We've been out sailing for the afternoon and decide to anchor overnight. First we must locate a suitable anchorage. What makes a good anchorage? Many cruising guides will place anchor symbols on charts of local waters showing where they think there is a good place to anchor. Sometimes they get it right and sometimes not. The cruising guide is still an excellent place to start a search.
The best anchorages are often the ones not marked on a chart or talked about in a cruising guide. Why? Because there will be few boats there and you'll enjoy privacy and quiet.
We can use four criteria to help us choose where best to drop the hook. We'll look at each one of these in detail:
Protection from weather. This is especially important if you are anchoring near the ocean where the waves and swell generated at sea can rock your boat throughout the night. If we want a restful night's sleep we'll find a place where we can tuck into a harbor or behind an island for protection. Study the chart carefully with a mind to where the wind and waves are coming from. Few anchorages offer good protection from all directions.
Good holding. We want to find a place where we can be sure the anchor will hold throughout the night. How do we know what the bottom is made of and what kind of bottom is best? Conditions of the bottom are often noted on charts; with S for sand and M for mud usually making good holding ground. Do not anchor where the charts show underwater cables or says "foul". Losing an anchor is an expensive proposition. We talk about retrieval techniques in Anchors & How They Work.
Room to swing. Once we set our anchor and are sure it will hold there will be a natural amount of boat swing. With few exceptions, a boat at anchor is always moving. With one anchor out we may swing all the way around it to complete a circle if the wind changes direction. Care must be taken when choosing a spot to drop anchor allowing for plenty of room to swing.
Sufficient depth. We need to have enough water to anchor in, but not too much. In areas with high tidal range it may not be apparent there will be insufficient water for the boat at low tide. This is called grounding at anchor. On the other hand, too much water can be a problem. if we have the usual amount of rode to let out, say 200', we will have difficulty holding in water much deeper than 25'. So, like Goldilocks, we'll look for a place for the night that's just right.
What if we were to ground at anchor? Best consult some tide tables to see how much more tide is going out. If you anchored in 10' of water at high tide and the tidal range is 8' you've got a problem. Get out of there any way you can, perhaps call for a tow. But, if you just touch bottom at low tide it's not a big deal, just wait for the tide to come back in.
Let's take a look at a chart and see what goes into this decision making process. Here, it's a nice Saturday afternoon sailing in the northern end of Biscayne Bay. We'd like to anchor somewhere for the night and enjoy the company onboard and perhaps a passing dolphin or two.
Above we see Key Biscayne, Biscayne Bay, and the Atlantic Ocean to the East. The least desirable place on the chart to anchor would be the East side of Key Biscayne. There we'd have large waves and a lee shore is formed by the island. A lee shore is any shore where the wind is coming from open water. The danger is wrecking our boat on the coast if our anchor drags. Ideally, we'd like to be in the lee of Key Biscayne that is; sheltered by it from the wind. So, we should confine our search to west and south of the island.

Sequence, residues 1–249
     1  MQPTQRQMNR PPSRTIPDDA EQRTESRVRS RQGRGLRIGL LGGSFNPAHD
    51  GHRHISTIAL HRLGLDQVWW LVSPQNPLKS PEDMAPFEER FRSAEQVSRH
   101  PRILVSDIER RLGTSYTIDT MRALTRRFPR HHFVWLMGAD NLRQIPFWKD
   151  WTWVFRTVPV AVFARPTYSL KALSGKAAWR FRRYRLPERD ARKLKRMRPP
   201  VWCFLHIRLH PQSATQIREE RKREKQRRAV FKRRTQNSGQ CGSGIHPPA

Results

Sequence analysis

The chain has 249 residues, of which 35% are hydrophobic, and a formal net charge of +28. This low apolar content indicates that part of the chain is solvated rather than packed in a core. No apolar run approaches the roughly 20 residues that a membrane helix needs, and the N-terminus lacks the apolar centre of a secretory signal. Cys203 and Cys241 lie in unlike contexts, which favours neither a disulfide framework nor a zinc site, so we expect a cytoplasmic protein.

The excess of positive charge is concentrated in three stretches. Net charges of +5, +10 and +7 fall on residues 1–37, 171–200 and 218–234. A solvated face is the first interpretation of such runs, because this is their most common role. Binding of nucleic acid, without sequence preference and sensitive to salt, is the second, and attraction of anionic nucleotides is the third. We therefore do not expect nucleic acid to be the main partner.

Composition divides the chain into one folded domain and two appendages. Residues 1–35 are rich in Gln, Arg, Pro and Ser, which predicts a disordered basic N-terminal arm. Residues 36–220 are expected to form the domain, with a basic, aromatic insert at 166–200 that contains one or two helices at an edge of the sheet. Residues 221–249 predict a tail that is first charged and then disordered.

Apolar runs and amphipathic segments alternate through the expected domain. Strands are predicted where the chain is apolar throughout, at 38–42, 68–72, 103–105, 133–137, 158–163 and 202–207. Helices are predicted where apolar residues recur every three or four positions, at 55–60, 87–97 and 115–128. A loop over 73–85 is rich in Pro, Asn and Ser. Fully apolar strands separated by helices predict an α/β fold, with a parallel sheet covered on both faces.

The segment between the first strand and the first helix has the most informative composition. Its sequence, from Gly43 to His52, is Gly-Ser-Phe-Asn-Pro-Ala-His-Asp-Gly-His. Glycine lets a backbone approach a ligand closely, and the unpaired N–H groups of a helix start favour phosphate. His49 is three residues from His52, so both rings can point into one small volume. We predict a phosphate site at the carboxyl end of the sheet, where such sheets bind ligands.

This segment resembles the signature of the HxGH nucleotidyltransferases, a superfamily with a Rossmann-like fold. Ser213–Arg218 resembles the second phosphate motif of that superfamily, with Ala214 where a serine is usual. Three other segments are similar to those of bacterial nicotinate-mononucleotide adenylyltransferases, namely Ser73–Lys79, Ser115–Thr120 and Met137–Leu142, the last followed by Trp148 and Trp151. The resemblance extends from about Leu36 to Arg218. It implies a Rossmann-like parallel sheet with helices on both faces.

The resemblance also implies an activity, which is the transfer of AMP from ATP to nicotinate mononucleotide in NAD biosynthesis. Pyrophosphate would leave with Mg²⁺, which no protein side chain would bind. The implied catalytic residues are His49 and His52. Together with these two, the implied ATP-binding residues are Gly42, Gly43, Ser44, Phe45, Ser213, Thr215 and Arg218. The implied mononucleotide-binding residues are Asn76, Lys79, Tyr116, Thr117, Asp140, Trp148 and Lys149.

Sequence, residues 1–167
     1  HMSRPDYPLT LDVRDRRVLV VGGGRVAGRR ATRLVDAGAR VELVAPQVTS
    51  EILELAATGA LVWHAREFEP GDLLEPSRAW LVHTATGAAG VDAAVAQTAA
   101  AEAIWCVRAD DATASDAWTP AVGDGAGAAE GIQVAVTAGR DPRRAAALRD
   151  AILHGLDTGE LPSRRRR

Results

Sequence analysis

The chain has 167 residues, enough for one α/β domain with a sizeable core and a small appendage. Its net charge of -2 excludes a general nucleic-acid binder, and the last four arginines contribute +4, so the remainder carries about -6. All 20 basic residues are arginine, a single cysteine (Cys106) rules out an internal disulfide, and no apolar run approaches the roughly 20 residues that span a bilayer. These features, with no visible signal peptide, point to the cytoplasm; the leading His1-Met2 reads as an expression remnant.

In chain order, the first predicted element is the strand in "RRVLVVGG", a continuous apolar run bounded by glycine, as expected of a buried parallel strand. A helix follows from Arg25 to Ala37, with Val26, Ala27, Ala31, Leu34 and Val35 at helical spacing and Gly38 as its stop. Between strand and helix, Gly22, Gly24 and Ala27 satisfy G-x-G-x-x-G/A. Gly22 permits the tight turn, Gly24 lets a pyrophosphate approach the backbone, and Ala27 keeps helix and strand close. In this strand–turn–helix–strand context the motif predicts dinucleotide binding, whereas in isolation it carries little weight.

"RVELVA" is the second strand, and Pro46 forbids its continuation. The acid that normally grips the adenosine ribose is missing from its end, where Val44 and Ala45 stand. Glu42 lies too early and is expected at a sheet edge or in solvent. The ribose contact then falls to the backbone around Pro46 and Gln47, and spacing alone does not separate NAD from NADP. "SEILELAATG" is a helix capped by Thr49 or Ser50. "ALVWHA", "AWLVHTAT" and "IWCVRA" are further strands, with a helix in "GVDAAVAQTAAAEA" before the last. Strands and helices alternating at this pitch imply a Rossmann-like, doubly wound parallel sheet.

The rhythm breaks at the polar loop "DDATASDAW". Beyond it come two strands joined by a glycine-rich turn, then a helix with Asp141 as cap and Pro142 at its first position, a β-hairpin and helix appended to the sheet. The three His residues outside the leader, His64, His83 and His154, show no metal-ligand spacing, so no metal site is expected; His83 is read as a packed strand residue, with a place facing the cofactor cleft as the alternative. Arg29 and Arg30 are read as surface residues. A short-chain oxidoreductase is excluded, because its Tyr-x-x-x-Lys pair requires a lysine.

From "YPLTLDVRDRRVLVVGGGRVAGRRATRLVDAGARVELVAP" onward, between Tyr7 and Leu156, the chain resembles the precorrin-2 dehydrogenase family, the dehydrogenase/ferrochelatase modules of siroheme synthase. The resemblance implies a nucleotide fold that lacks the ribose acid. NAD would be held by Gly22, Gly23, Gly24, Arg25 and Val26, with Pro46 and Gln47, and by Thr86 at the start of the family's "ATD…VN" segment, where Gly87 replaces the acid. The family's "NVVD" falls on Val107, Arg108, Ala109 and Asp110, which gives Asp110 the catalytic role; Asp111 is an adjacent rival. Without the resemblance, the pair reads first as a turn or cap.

We find No Name Harbor in our cruising guide and read about it. Let's apply our four criteria for a good anchorage one by one:
What about aesthetics? No view. Close to trees and shrubs so probably mosquitoes. Other boats anchored very close means noise. And finally, we see this is part of the Florida State Park system and they charge $15/night for anchoring here. We decide to look elsewhere so we take a second look at the chart and find the area to the northwest of Key Biscayne is littered with cable areas and shoal water only a few feet deep but, to the southwest, we see a promising area:
The large circle above shows a potential anchorage. There is no name for this bay and it's not listed or talked about in the cruising guide but it does look good. Let's see if it satisfies our four criteria.
Aesthetics? Well, there are fancy homes lining the western shore of Key Biscayne and to the northwest we see the skyline of Miami in the distance. And, as we enter the anchorage, there's a pod of Dolphins playing.
Some things to avoid in choosing an anchorage: Grassy or weedy bottoms as anchors have a hard time setting; obstructions, wrecks, and cable areas; and do avoid areas with a lee shore.
It's important not to anchor too close to other boats. When first approaching an anchorage look at any other boats anchored. What style of anchoring are they using? If you are close at all to other boats you should anchor in their same style so that all boats swing the same amount in the same direction. The first boat anchoring sets the style for others arriving later; this is known as the rights of the first boat in an anchorage. But, if you provide yourself with plenty of room to swing you may choose your own style of anchoring and you may let out additional scope for added security.
We talked about special anchorages in Navigation Lights. Be careful if you choose to use one as they may be crowded and offer a bottom fouled with old, lost anchors and chains.
Approach a potential anchorage with sails furled and under power. Motor around and take a look at things. Do the other boats look sea-worthy? Or, abandoned and neglected? Be patient and take your time sizing up the possibilities and potential for dangerous situations. And, don't forget to turn on your anchor light before sunset.
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